Mammalian 2-Cys peroxiredoxin (Prx) enzymes are overexpressed in most cancer tissues, but their specific signaling role in cancer progression is poorly understood. Here we demonstrate that Prx type II (PrxII) plays a tumor-promoting role in colorectal cancer by interacting with a poly(ADP-ribose) polymerase (PARP) tankyrase. PrxII deletion in mice with inactivating mutation of adenomatous polyposis coli (APC) gene reduces intestinal adenomatous polyposis via Axin/β-catenin axis and thereby promotes survival. In human colorectal cancer cells with APC mutations, PrxII depletion consistently reduces the β-catenin levels and the expression of β-catenin target genes. Essentially, PrxII depletion hampers the PARP-dependent Axin1 degradation through tankyrase inactivation. Direct binding of PrxII to tankyrase ARC4/5 domains seems to be crucial for protecting tankyrase from oxidative inactivation. Furthermore, a chemical compound targeting PrxII inhibits the expansion of APC-mutant colorectal cancer cells in vitro and in vivo tumor xenografts. Collectively, this study reveals a redox mechanism for regulating tankyrase activity and implicates PrxII as a targetable antioxidant enzyme in APC-mutation-positive colorectal cancer.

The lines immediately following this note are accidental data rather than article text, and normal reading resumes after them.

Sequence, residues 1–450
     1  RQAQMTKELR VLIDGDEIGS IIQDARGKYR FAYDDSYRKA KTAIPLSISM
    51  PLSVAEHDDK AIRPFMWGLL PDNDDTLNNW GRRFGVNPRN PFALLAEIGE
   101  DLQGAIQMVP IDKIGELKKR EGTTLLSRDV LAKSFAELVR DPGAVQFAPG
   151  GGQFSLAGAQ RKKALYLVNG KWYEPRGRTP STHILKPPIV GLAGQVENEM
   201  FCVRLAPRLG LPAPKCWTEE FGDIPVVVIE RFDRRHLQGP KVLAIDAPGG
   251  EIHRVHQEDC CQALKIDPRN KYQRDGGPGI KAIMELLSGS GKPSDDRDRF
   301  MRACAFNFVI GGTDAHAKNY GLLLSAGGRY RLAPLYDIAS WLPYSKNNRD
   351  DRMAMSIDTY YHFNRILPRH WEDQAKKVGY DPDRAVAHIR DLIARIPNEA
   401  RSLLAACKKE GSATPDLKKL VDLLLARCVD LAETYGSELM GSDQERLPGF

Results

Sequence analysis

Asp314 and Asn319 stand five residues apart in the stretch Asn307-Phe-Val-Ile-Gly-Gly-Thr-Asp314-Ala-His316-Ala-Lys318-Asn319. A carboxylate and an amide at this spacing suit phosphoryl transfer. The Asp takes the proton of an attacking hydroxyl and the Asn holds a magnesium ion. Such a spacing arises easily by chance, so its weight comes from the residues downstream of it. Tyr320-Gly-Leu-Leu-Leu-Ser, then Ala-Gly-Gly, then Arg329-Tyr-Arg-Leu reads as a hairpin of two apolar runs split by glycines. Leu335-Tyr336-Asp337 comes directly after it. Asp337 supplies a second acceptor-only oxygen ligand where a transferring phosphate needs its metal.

Bibliographical noteFunding Information:
We thank Drs. Chang-Woo Lee and Goo Taeg Oh for sharing plasmids and knockout mice, respectively, and Sue Goo Rhee for valuable comments. This study was supported by grants from the National Research Foundation of Korea (2014R1A2A1A01006934) and from the National R&D Program for Cancer Control (1420280). This study was also supported in part by grants from the National Research Foundation of Korea (2012M3A9C5048709 and 2012R1A5A1048236). D.H.K. was a recipient of a Basic Science Research Program Award from the National Research Foundation of Korea (NRF-2014R1A6A3A04058006). E.-H.J. was supported by the 2016 sabbatical year research grant of the University of Seoul.
© The Author(s) 2017.